Sometimes police or other first responders are involved in accidents as they travel to the emergency to which they are called. But rarely are two responders separately involved in accidents or other collisions that keep them from getting to their emergency destination. Recently, two police officers from Roswell ended up in accidents themselves. They were responding to a third crash on Georgia 400. It appears that one driver failed to yield and helped cause at least some of the crash chaos. As a Atlanta car accident lawyer, I am aware of other accidents that were at least caused in part by a failure of a driver to yield to emergency vehicles.
In this situation, the officers were responding to the accident on Georgia 400 and were traveling on Holcomb Bridge Road. According to reports, the initial accident involved a female driver whose vehicle struck the median wall. Her injuries were not serious. But it was the failure of a vehicle on Holcomb Bridge Road to yield to the police car whose sirens and lights were on, that caused the second wreck on that road. Thankfully, there were no injuries in that accident.
When a second police officer responded to the original crash, that officer's vehicle hit a pedestrian also on Holcomb Bridge Road. The man who was hit by the emergency responder's car was said to be in stable condition and perhaps sustained a knee injury. The pedestrian accident is under investigation by a neighboring department, which is standard policy in such situations.
It is unfortunate that some drivers need to be reminded that emergency vehicles and responders have the right of way when they are indicating an emergency and failing to yield is in violation of Georgia law. I want to remind readers of some of the stringent rules that apply to emergency vehicles in Georgia.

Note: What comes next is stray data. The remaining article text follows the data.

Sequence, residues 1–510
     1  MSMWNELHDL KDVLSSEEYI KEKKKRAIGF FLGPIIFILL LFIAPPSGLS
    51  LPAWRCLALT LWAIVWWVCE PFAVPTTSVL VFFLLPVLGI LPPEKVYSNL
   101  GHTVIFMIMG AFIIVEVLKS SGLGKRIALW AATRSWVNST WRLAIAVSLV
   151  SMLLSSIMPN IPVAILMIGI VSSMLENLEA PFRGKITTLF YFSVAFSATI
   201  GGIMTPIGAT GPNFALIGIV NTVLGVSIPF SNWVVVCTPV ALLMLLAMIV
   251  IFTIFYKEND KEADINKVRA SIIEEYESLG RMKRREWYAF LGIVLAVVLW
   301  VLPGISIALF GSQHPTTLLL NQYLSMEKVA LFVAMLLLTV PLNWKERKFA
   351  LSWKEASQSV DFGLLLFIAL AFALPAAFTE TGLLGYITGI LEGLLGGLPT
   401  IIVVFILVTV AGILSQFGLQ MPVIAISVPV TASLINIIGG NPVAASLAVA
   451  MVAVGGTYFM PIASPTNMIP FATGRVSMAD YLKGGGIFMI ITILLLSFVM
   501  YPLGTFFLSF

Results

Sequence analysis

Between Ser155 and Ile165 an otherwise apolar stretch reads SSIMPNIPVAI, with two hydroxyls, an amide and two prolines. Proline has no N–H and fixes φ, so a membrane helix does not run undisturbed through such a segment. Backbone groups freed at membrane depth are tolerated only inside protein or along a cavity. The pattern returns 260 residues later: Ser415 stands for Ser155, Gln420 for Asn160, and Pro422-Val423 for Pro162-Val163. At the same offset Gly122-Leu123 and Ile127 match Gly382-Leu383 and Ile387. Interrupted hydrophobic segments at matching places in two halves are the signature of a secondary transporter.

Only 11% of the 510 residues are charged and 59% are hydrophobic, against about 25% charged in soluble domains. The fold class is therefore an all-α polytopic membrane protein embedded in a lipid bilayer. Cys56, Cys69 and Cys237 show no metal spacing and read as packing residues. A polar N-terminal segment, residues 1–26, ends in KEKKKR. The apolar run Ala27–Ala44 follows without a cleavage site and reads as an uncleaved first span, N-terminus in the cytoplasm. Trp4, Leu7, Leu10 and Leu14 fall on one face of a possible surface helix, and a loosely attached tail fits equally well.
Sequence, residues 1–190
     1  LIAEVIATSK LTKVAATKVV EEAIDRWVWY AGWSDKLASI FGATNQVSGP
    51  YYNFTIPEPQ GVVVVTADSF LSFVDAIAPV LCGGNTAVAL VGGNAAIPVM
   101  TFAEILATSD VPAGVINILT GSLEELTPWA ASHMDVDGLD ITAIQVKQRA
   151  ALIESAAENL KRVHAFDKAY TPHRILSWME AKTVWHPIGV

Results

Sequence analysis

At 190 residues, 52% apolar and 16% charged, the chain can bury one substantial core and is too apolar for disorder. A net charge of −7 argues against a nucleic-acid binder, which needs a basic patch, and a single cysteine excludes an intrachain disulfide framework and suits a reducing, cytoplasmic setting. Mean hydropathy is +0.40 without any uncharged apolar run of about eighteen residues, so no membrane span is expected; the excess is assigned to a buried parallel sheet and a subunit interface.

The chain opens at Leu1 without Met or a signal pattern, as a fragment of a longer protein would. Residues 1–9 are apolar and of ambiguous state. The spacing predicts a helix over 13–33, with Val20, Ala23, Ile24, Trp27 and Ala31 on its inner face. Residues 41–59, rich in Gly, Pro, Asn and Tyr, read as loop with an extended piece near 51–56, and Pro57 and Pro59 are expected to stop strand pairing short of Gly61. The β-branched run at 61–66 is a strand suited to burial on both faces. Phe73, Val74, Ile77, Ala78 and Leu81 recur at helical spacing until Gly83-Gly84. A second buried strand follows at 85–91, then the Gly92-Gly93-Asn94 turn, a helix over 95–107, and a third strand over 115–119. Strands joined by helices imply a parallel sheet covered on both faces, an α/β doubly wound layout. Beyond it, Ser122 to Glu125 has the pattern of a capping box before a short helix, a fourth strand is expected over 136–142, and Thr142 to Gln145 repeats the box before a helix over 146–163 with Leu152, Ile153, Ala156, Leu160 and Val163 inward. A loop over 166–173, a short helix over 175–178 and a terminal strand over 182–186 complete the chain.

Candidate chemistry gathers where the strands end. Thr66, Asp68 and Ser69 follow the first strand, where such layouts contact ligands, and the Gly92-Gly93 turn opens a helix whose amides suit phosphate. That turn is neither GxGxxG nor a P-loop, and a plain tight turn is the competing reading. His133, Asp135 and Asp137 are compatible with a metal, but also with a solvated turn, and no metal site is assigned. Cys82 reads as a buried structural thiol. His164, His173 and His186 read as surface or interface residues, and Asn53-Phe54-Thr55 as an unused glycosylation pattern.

Under Official Code of Georgia Annotated section 40-6-74 drivers must yield the right of way to emergency vehicles as follows: "(a) Upon the immediate approach of an authorized emergency vehicle or a vehicle belonging to a federal, state, or local law enforcement agency making use of an audible signal and visual signals meeting the requirements of Code Section 40-6-6, the driver of every other vehicle shall yield the right of way and shall immediately drive to a position parallel to, and as close as possible to, the right-hand edge or curb of the roadway clear of any intersection and shall stop and remain in such position until the authorized emergency vehicle or law enforcement vehicle has passed, except when otherwise directed by a police officer." This provision does not "relieve the driver of any authorized emergency vehicle from the duty to drive with due regard for the safety of all persons using the highway."
In addition, Georgia's move-over law requires that drivers move-over for emergency vehicles stopped on the side of the highway. This law was the result of the increase in injuries and death to emergency responders, DOT workers and citizens involved in the accident or other emergency. The FBI has reported that traffic accidents are the leading cause of death for police across the country. And many law enforcement officers are injured or killed as they perform their duties on the roadside as cars pass. The move-over law requires vehicles to move-over one lane if they can do so safely or slow down if they cannot.
The Official Code of Georgia Annotated section 40-6-16, states that motor vehicle drivers "approaching a stationary authorized emergency vehicle or highway maintenance vehicle that is displaying flashing yellow, amber, white, red, or blue lights shall approach the authorized emergency vehicle with due caution and shall, absent any other direction by a peace officer, proceed as follows: 1. Make a lane change into a lane not adjacent to the authorized emergency vehicle if possible in the existing safety and traffic conditions; or 2. If a lane change under paragraph (1) of this subsection would be impossible, prohibited by law, or unsafe, reduce the speed of the motor vehicle to a reasonable and proper speed for the existing road and traffic conditions, which speed shall be less than the posted speed limit, and be prepared to stop.